Václav Havel to Deliver Human Rights Lecture
Václav Havel, the well-known Czech playwright who rose to become the last president of Czechoslovakia and the first president of the Czech Republic, will visit the Library of Congress today to give a lecture on human rights.
Havel, who has occupied the Kluge Chair for Modern Culture at the John W. Kluge Center at the Library since early April, will speak about the contradiction between what nations proclaim about human rights and how they actually treat their citizens in a lecture titled “The Emperor Has No Clothes.”
Havel is widely regarded as one of Europe’s leading political, moral and intellectual figures. After growing up under a Communist regime and writing plays that were often prohibited from being produced in his own country, Havel became involved in the growing dissent movement in Czechoslovakia in the 1960s and 1970s and eventually helped transition the country from dictatorship to democracy in the late 1980s. He served two terms as president of the Czech republic in the 1990s and is the recipient of numerous humanitarian and writing awards.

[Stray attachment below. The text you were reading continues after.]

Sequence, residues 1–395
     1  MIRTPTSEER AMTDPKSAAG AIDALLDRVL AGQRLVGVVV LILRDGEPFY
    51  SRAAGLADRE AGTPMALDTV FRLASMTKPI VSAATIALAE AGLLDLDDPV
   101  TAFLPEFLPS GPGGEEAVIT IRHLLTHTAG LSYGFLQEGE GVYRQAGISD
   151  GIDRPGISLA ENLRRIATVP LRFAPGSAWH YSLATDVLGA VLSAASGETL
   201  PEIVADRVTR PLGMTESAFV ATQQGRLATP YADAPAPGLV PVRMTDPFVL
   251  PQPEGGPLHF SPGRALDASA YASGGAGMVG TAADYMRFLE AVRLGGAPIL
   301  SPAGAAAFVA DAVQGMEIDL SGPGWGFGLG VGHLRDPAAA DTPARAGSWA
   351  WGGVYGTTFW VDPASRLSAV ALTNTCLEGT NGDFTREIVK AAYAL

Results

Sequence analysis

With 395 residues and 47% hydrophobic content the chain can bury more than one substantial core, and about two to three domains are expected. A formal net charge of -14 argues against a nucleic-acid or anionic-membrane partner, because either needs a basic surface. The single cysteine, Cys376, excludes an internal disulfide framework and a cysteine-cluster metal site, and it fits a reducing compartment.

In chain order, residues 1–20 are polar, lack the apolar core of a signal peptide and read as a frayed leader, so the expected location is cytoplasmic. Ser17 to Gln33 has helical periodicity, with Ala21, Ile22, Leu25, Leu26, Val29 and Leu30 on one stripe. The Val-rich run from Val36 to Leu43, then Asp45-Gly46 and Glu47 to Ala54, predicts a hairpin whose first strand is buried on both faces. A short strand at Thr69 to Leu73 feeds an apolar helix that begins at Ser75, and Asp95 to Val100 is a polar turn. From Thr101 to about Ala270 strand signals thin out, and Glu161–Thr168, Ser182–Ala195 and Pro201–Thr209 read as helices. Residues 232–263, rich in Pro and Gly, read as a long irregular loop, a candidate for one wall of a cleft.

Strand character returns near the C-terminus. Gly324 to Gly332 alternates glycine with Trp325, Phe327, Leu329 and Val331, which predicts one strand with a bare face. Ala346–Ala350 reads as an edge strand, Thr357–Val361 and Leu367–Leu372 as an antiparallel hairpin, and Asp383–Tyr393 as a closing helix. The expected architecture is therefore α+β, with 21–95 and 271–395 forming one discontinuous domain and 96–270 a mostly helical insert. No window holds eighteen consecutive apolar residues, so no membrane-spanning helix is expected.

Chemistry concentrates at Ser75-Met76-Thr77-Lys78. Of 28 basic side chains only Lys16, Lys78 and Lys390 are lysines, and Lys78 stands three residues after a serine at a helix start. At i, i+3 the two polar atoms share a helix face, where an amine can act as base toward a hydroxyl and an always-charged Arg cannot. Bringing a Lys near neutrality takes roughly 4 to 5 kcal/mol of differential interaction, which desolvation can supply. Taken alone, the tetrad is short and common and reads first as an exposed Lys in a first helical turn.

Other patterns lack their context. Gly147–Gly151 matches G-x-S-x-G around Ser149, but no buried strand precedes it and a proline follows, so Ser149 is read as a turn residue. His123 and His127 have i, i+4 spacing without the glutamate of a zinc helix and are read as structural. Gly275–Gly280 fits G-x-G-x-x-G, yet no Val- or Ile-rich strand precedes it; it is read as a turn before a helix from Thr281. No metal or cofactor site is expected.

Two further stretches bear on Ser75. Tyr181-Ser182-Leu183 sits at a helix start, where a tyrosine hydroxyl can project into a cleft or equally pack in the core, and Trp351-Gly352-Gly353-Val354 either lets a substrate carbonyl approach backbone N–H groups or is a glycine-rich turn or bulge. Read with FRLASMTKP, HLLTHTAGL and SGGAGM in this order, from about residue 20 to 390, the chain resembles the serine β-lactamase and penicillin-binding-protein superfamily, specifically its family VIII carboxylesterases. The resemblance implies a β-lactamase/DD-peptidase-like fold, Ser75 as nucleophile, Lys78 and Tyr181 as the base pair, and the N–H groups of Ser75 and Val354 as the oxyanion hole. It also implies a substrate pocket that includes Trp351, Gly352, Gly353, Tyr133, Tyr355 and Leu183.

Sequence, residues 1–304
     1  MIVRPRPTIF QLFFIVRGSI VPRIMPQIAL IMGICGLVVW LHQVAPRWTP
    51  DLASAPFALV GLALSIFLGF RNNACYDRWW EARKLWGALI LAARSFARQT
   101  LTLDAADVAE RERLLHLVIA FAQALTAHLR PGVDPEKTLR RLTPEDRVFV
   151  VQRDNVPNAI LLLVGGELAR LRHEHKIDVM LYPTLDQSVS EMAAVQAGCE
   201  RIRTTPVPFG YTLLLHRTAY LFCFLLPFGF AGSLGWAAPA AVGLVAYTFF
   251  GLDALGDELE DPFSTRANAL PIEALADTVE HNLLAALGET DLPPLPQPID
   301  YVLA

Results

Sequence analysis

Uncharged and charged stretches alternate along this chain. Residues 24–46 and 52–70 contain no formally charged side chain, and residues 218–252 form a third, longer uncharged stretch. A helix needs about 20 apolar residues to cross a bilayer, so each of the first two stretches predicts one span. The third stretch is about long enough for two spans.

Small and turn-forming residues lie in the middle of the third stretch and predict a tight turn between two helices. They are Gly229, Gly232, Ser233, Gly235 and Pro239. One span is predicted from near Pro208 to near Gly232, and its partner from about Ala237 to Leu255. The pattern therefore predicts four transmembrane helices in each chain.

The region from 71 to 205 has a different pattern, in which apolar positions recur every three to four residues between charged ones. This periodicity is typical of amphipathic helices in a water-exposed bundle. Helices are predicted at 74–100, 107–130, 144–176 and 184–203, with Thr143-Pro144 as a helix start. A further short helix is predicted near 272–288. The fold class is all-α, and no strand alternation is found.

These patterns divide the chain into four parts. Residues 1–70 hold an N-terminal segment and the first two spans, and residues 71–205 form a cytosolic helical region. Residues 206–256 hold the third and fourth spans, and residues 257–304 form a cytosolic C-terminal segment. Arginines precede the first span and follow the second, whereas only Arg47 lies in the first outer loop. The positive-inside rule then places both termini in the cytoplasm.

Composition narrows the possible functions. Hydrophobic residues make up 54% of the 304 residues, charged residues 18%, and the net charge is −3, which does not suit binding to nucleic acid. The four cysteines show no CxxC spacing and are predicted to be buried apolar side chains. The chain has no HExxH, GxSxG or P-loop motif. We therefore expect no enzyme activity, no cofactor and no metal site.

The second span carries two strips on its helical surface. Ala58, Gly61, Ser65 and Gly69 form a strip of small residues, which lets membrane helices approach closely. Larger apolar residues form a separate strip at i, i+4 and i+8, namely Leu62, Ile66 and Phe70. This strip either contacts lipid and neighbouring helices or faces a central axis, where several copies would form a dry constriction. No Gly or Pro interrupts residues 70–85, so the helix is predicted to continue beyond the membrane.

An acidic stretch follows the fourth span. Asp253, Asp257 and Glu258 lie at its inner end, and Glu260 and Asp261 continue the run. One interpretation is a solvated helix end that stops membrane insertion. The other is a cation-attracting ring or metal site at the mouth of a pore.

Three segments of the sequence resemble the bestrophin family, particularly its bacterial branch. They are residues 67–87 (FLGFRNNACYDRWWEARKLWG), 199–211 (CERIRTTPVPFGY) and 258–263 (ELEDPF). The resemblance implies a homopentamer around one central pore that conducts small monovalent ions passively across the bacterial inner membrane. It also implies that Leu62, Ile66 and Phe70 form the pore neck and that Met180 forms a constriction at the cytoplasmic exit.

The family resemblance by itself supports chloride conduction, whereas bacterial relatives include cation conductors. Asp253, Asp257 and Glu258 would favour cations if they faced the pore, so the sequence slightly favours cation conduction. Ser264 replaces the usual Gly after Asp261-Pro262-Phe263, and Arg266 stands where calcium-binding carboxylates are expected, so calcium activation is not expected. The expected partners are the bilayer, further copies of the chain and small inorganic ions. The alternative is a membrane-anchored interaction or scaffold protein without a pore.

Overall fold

The lecture will take place at 6 p.m. in the Coolidge Auditorium of the Library’s Thomas Jefferson Building and will also be cybercast live on the Library’s Web site, www.loc.gov. The event is free and open to the public, but seating is limited; call (202) 707-2692 for more information.
— John McArdle